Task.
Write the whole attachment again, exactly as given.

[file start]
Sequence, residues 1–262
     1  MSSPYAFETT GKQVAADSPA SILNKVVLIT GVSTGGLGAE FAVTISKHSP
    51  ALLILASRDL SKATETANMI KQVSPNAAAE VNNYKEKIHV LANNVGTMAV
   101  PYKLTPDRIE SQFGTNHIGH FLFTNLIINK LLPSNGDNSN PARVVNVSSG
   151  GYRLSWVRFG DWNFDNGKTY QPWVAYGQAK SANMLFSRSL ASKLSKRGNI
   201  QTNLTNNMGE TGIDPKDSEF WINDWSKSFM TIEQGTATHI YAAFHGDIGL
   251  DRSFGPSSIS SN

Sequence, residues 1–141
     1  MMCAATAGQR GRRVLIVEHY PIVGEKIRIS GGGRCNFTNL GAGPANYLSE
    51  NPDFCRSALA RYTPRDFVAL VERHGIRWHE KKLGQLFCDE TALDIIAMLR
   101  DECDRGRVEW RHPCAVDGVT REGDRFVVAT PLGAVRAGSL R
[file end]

Sequence, residues 1–262
     1  MSSPYAFETT GKQVAADSPA SILNKVVLIT GVSTGGLGAE FAVTISKHSP
    51  ALLILASRDL SKATETANMI KQVSPNAAAE VNNYKEKIHV LANNVGTMAV
   101  PYKLTPDRIE SQFGTNHIGH FLFTNLIINK LLPSNGDNSN PARVVNVSSG
   151  GYRLSWVRFG DWNFDNGKTY QPWVAYGQAK SANMLFSRSL ASKLSKRGNI
   201  QTNLTNNMGE TGIDPKDSEF WINDWSKSFM TIEQGTATHI YAAFHGDIGL
   251  DRSFGPSSIS SN

Sequence, residues 1–141
     1  MMCAATAGQR GRRVLIVEHY PIVGEKIRIS GGGRCNFTNL GAGPANYLSE
    51  NPDFCRSALA RYTPRDFVAL VERHGIRWHE KKLGQLFCDE TALDIIAMLR
   101  DECDRGRVEW RHPCAVDGVT REGDRFVVAT PLGAVRAGSL R